Watch out for dry rot in old or seldom used tires
Most drivers know that it is a good idea to periodically inspect a vehicle's tires to make sure they are in good condition. In addition to balancing, rotating, and aligning the tires, drivers can check the air pressure to make sure the tires aren't underinflated.
When it comes to replacing tires, drivers typically go by tread depth. The famous "penny test" has long been a standard measure in this area, assuring drivers that a tire is safe as long as the top of Abraham Lincoln's head isn't visible when the coin is inserted into a tread.
However, a tire's tread is only one way to determine its condition. You'll also want to make sure it isn't showing signs of dry rot, which increases the possibility of tread separation or a blowout.
Dry rot is the result of the gradual breakdown of the materials in the tire. Ben Wojdyla, writing for Popular Mechanics, says the oils used in synthetic rubber will evaporate over time. This process causes the chemical bonds used in the tire to start to break down. Ultraviolet radiation can also hasten the process. The AGCO Automotive Corporation, a repair shop in Baton Rouge, La., says additives in tires will protect against this degradation, but they too will break down over time.
A dry rotted tire is not as strong as a newer tire, and Wojdyla says the rubber will become brittle and lose its flexibility. The weakened tire will eventually fail, causing a blowout or tread separation. Angie's List says this failure is more likely to occur during highway driving, since this will produce more heat and cause the rubber to expand. However, it can also be dangerous to drive on a dry rotted tire at slower speeds as well.
Certain conditions or driving habits can make dry rot more likely to occur. Driving on underinflated tires can hasten the process, and degradation may occur more quickly if the tires are frequently exposed to sunlight or hot, dry conditions.
Tires are more likely to have dry rot if they are infrequently used, so it can be a more common occurrence on trailers and rarely driven classic cars. Doug DeMuro, writing for Autotrader, says vehicles that are left in one place for a long time can also develop flat spots, which will make the ride less comfortable.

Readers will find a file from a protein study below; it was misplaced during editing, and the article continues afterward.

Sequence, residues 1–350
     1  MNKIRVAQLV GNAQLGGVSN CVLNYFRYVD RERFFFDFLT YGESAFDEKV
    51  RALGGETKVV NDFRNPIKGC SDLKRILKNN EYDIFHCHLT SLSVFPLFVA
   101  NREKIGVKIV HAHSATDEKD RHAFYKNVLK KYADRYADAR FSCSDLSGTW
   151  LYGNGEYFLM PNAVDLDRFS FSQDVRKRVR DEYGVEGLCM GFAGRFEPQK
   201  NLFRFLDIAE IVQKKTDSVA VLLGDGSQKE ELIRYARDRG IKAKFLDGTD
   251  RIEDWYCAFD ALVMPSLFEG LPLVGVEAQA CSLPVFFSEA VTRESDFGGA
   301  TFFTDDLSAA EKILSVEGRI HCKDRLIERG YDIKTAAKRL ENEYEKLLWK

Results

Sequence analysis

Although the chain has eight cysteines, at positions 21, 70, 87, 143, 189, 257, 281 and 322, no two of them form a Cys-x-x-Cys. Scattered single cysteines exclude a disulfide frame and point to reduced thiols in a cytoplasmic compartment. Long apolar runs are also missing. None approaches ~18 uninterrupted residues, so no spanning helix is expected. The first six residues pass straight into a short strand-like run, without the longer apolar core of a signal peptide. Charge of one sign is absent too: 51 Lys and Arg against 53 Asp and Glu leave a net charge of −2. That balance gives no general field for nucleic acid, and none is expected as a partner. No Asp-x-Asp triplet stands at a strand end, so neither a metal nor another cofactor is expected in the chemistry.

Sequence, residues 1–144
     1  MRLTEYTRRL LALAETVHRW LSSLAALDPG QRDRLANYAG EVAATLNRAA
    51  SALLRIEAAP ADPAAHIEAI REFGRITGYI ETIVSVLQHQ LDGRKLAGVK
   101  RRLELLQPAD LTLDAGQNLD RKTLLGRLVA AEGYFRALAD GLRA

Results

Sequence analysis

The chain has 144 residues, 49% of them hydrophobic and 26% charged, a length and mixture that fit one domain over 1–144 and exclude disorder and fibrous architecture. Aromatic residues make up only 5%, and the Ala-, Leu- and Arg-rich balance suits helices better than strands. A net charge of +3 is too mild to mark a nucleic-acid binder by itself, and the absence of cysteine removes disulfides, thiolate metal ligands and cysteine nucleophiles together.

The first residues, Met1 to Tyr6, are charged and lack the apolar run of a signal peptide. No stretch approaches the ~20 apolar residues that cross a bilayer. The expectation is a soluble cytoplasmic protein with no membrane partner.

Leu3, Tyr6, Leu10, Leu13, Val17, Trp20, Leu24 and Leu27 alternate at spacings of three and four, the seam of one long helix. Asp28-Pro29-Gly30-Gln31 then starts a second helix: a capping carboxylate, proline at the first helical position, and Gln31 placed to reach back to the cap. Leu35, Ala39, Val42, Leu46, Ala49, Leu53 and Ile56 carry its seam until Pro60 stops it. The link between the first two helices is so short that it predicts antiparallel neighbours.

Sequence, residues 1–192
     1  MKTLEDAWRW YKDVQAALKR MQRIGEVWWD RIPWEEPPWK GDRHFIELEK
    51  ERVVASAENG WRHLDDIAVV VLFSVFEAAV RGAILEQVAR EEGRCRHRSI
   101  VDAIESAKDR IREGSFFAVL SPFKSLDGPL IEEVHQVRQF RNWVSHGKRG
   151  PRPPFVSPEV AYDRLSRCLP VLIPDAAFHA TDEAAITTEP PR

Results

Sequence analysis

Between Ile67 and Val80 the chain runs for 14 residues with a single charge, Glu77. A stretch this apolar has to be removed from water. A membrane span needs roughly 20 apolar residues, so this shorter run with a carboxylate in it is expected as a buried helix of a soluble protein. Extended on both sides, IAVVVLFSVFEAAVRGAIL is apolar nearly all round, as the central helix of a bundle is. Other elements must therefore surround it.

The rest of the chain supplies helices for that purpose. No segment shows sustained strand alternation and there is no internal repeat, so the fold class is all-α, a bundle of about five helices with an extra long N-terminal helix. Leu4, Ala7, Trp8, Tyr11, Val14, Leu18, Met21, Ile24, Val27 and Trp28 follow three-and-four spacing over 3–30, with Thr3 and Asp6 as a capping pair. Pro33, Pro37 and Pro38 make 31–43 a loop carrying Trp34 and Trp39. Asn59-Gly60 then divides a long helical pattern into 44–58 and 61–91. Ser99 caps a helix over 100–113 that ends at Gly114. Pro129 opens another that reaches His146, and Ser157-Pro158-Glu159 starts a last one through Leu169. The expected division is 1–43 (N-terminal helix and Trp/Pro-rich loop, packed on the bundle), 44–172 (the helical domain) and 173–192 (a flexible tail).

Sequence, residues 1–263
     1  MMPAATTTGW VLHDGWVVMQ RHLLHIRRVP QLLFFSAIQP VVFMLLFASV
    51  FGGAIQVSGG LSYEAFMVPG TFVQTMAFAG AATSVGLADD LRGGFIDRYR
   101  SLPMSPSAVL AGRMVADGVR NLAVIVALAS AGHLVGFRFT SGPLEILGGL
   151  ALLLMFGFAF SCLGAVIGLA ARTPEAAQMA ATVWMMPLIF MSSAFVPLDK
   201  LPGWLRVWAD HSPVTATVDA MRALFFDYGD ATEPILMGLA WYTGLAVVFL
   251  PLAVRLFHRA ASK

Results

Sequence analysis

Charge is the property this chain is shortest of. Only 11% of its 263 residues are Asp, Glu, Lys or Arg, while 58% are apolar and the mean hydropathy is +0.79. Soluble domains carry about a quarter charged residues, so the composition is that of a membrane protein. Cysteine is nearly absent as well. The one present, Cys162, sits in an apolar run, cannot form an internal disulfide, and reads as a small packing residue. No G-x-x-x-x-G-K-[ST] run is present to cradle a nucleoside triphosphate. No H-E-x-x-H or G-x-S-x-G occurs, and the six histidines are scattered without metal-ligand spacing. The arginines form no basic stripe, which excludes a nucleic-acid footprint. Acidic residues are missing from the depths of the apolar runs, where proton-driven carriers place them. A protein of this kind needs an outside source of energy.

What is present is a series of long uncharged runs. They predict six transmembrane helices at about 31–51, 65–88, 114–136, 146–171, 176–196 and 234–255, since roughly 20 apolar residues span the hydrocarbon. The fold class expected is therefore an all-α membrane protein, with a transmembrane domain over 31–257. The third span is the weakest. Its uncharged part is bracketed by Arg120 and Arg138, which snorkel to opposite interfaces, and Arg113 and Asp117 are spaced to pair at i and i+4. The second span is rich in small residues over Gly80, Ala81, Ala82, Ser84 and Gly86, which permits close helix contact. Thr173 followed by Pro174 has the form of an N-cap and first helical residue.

The easiest way to spot dry rot is to look for small cracks in the rubber. If you spot dry rot early enough, you may be able to apply a water-based product to help seal the cracks. If it is more advanced, it is better to simply replace the tire, even if the tread depth is still sufficient.
Tires typically have a recommended expiration date, since dry rot is more likely to occur after the tire reaches a certain age. Rich Ellis, writing for the vehicle ownership site DriverSide, says many manufacturers recommend replacing tires after six or seven years. Wojdyla says tires generally should not be used for more than 10 years.
The easiest way to check the age of your tires is to look for a four digit code on the sidewall. This number refers to the date of the tire's manufacture, with the first two digits noting the week it was made and the last two digits denoting the year. So a figure of 2814 would indicate that the tire was made in the 28th week of 2014.
If a vehicle will remain in one place for a long time, you can take steps to avoid dry rot. Angie's List says it is best to store a vehicle in a climate-controlled garage with boards under the tires. Check the air pressure in the tires at least once every month and keep them inflated to the recommended levels.
You should also be aware of dry rot if you are purchasing used tires. The AGCO Automotive Corporation says that even if the tread looks sufficient, the tires might be expired or rotted.